The Best Transition Sippy Cup Review

Transition sippy cups can help babies feel independent and keep parents free of messes related to spills.
Trying to find the right transition sippy cup for baby? Once your infant starts moving on to solid foods, water will become a very valuable part of their diet as well. This milestone will likely encourage the beginning of your search for the best sippy to serve as a transition from bottles, and/or breastfeeding, into the world of leak-free cups. We initially looked at 32 top cups, specifically designed for babies from the ages of 4 to 9 months, and hand-picked 14 cream of the crop cups (say that three times fast!) to go through our tests. The transition cups were tested in metrics such as leakage, ease of use, eco-health, ease of cleaning, and eco-health. Most of the cup designs were quite similar, but a few rose above the crowd either for being unique or for being made of materials that are more eco-friendly. In the end, our in-house tests, along with a cadre of tiny testers, narrowed down the cups that stood out from the competition.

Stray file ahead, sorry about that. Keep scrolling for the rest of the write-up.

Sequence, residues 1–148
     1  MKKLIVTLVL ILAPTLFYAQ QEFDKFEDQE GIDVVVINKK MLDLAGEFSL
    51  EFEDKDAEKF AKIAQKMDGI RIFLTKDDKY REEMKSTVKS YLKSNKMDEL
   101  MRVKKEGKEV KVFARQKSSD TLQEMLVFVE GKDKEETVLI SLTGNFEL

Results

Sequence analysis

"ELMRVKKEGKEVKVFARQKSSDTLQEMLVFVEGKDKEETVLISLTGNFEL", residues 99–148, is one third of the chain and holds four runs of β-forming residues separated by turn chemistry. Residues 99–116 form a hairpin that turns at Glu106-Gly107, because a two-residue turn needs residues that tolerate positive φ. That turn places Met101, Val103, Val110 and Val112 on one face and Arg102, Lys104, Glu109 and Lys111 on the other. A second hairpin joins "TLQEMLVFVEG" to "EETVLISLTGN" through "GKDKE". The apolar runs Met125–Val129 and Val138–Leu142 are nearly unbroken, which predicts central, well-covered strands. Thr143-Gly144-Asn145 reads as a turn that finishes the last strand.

Read the full review below >

Test Results and Ratings

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Analysis and Award Winners

Review by:
Juliet Spurrier, MD & Wendy Schmitz

Last Updated:
August 25, 2017

Update — August 2017
Our Best Value award winner, the Gerber Graduates Sip & Smile has been replaced by it's sister product, the Fun Grips Soft Spout Trainer cup. Read more about the new cup in the review.

Best Overall Transition Sippy

Pura Kiki Stainless Sippy

Pura Kiki Stainless Steel Sippy 11 ounces Editors' Choice Award

(9% off)
at Amazon